(Closed) Can Someone Explain a Catholic Wedding Blessing Ceremony?

posted 8 years ago in Catholic
Post # 3
Member
273 posts
Helper bee
  • Wedding: January 2011

i haven’t been to one myself but from what i’ve gathered it’s like a shortened mass with no communion.  i havent heard it just called a “blessing” though so i would check with the priest to see what exactly he means.  normally you have 2 options: 1) full mass with wedding ceremony or 2) just the wedding ceremony part.  it’s much shorter than the full mass and comprises of basically the first half of a standard mass.  

as for the strapless or spaghetti strapped dress.  i would check with the priest with that.  mine said he didnt care as long as the dress wasnt tacky looking.  i had a friend though that after she bought her strapless dress the priest told her he would not marry them.  she ended up getting one of the jacket things to put on her shoulders and it ended up looking cute but it was just a REAL pain.  

basically i would call the priest and ask him.

Post # 4
Member
234 posts
Helper bee
  • Wedding: July 2010

@ Ms. Library – first off, we’re date twins!  Second, my Fiance and I are in the exact same situation.  I’m Protestant, he’s Catholic.  I’m not converting, so we’re doing a non-denomenational Christian ceremony.  I’m no expert, but when I looked into the possibility of Catholic ceremonies where one partner was a non-Catholic, everything I could find involved the non-Catholic partner agreeing to abide by all Catholic teachings regarding kids – as in making them (or avoiding making them) and promising to raise them Catholic.  We decided that wasn’t the right choice for us, so we’re not doing any Catholic ceremony.  I just wanted to throw it out there, because if that is a condition of your ceremony, you’d probably want to know beforehand so you and your Fiance could decide if that’s right for you.  And on the flip side, if you’ve found a ceremony where that isn’t a condition, I’d love to know about it!  We’re doing everything we can to honor each others religions, while still being true to our own beliefs, and if there’s something I missed, I’d be happy to learn more about it.

Post # 5
Member
1025 posts
Bumble bee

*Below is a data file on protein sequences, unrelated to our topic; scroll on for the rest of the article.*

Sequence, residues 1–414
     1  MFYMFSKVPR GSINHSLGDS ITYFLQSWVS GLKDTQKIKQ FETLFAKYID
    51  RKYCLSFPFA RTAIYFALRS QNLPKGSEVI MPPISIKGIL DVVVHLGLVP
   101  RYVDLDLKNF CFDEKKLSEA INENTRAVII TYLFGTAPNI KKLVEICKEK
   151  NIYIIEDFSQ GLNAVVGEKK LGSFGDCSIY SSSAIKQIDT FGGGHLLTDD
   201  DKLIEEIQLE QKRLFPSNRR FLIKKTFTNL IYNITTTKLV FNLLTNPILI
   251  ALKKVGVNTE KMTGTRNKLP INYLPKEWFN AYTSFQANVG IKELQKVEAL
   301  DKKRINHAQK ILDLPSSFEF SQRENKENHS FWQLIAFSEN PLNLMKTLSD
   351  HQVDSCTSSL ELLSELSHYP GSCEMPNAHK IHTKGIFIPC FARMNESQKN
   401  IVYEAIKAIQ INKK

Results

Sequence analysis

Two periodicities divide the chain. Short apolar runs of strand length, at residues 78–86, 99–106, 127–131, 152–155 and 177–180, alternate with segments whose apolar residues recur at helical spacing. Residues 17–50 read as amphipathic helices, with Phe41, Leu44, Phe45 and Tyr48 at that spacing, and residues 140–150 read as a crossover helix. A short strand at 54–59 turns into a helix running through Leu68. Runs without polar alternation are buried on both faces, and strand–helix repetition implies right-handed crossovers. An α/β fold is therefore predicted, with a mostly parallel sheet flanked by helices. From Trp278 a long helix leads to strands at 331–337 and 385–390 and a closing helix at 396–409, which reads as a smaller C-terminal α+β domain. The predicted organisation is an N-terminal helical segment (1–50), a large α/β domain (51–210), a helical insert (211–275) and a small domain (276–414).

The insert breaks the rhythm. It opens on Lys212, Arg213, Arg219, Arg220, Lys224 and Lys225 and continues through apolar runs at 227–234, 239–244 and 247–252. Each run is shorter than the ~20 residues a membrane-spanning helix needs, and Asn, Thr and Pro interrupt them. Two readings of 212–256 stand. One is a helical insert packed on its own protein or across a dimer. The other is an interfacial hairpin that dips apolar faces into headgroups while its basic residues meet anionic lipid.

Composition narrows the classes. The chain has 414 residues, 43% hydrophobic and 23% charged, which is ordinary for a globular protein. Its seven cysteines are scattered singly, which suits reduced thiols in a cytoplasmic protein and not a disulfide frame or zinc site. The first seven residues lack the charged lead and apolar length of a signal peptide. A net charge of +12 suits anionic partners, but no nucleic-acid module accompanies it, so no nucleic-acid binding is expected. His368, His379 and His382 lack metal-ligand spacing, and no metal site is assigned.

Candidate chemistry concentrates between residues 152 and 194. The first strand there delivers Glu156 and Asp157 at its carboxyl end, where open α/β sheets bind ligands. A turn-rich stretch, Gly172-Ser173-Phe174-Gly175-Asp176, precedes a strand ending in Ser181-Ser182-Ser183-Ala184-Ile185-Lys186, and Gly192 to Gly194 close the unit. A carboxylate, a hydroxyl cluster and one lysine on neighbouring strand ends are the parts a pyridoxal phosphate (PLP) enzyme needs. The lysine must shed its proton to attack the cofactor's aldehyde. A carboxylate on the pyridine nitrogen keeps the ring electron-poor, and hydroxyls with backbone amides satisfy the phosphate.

• Wedding: August 2010

I think its called a “convalidation.” It’s not really another wedding ceremony. From what I understand, it’s just a “renewal of vows,” but one done inside the church. And since you’ll have just gotten married a week or so before, it’ll be fun to be able to say it again!

I wouldn’t wear a strapless dress. Since it’s not a wedding, you probably wouldn’t be dressed as formally and so a strapless dress might be out of place. Most Catholic churches don’t have rules about what to wear, but check with your priest or parish secretary. 

ChiChat – my priest never asked me that! In fact, I know a priest who told my aunt (who is Lutheran) that if something ever happened to my uncle (Catholic), she should have them raised Lutheran because it’d be better for the kids to be raised in a faith lovingly than begrudgingly. Talk to your priest if you’re really interested. The point (that I’ve always heard, anyway) is that you are agreeing to care for your children’s spiritual welfare, and to be intentional in it. 

Post # 6
Member
1309 posts
Bumble bee
  • Wedding: December 2011

The priest who said that about raising the kids Lutheran is really skating on thin ice! That’s the kind of stuff annulments are made of! The whole point of getting married in the Catholic Church is to promise God that the new family being formed will be faithful. To the Church, it doesn’t make logical sense why you would want to be married by the Catholics and then not want to bring up your kids Catholic.

Post # 8
Member
1556 posts
Bumble bee
  • Wedding: June 2010

I’ve never been to a convalidation ceremony before (in fact, had not even heard of it until fairly recently).  Fiance and I are considering a civil ceremony first and then a convalidation…maybe.

Anyway, I found the following description of a convalidation helpful. 

http://www.idotaketwo.com/marriage-convalidation.html

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